Iowa Law Review
Pierre Schlag, Coase Minus the Coase Theorem--Some Problems with Chicago Transaction Cost Analysis, 99 Iowa L. Rev. 175 (2013) (reprinted with permission), available at, http://scholar.law.colorado.edu/articles/292.
In law as well as economics, the most well-known aspect of Coase's "The Problem of Social Cost," is the Coase Theorem. Over the decades, that particular notion has morphed into a crucial component of Chicago law and economics--namely, transaction cost analysis.
In this Article, I deliberately bracket the Coase Theorem to show that "The Problem of Social Cost" contains far more interesting and unsettling lessons--both for law as well as for economics. Indeed, while Coase's arguments clearly target the Pigouvian attempts to "improve on the market" through government correctives, there is, lurking in those arguments, a much more profound critique of neoclassical economics generally.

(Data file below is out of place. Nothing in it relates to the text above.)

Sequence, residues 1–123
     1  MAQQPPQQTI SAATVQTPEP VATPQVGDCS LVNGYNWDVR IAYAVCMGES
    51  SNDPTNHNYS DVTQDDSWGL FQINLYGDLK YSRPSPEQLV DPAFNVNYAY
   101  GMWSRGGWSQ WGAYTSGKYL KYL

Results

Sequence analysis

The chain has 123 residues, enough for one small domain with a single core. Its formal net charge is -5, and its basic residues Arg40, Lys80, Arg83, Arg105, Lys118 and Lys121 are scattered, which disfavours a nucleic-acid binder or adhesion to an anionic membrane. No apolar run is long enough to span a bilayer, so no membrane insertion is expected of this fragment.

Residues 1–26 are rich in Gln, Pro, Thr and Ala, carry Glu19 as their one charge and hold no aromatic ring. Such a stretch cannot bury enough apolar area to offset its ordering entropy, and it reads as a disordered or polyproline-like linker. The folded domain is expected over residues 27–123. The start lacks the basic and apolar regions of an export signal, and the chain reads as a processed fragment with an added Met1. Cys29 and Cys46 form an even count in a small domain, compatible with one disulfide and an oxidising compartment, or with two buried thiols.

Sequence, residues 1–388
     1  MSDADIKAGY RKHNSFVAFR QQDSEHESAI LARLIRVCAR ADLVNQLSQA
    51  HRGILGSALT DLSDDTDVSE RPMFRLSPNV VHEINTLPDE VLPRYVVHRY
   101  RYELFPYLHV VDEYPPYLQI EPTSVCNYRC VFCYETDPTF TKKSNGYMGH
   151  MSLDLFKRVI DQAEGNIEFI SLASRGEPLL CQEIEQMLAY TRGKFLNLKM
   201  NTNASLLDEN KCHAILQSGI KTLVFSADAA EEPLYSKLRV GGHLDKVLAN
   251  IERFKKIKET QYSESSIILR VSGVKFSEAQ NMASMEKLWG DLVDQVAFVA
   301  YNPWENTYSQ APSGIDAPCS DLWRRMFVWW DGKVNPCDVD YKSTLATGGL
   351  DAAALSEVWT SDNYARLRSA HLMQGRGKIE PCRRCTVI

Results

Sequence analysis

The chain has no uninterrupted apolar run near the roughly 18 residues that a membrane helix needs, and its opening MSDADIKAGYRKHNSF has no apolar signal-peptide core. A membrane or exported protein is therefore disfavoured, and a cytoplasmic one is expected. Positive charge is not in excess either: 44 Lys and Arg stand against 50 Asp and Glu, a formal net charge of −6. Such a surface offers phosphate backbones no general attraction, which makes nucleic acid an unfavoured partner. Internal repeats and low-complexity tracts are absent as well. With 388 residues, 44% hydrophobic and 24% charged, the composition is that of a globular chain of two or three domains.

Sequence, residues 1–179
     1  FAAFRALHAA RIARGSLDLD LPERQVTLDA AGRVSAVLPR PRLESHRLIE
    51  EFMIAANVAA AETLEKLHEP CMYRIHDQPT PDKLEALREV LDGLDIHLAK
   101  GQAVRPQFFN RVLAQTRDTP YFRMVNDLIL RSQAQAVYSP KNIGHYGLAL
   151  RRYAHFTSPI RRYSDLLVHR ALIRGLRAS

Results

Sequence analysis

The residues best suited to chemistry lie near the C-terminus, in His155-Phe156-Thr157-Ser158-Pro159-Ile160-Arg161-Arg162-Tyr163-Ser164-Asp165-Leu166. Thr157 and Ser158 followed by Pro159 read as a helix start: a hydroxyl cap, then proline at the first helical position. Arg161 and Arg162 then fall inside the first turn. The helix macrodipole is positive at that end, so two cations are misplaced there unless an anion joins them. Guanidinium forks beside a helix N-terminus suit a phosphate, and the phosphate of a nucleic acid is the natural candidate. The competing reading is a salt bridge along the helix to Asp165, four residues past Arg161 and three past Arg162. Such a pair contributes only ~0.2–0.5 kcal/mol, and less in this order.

This broader critique has been all but eclipsed by the focus on the Coase Theorem and its main offshoot-namely, Chicago transaction cost analysis. Here, based on a close reading of "The Problem of Social Cost," I retrieve Coase's broader critique from its current obscurity to show its relevance and bite for contemporary law and economics. In particular, I deploy Coase's thought to show that Chicago transaction cost analysis is, on its own terms, compromised.
Chicago transaction cost analysis has no theory capable of distinguishing transaction costs from production factor costs. It is accordingly incapable of delineating the circumstances when it is (or is not) efficiency-enhancing to "economize on transaction costs." The surprising upshot is that despite its stated commitment to enhance efficiency, Chicago transaction cost analysis is instead engaged in a selective subsidization (or penalization) of various markets based on criteria that are at best opaque and quite possibly, incoherent.
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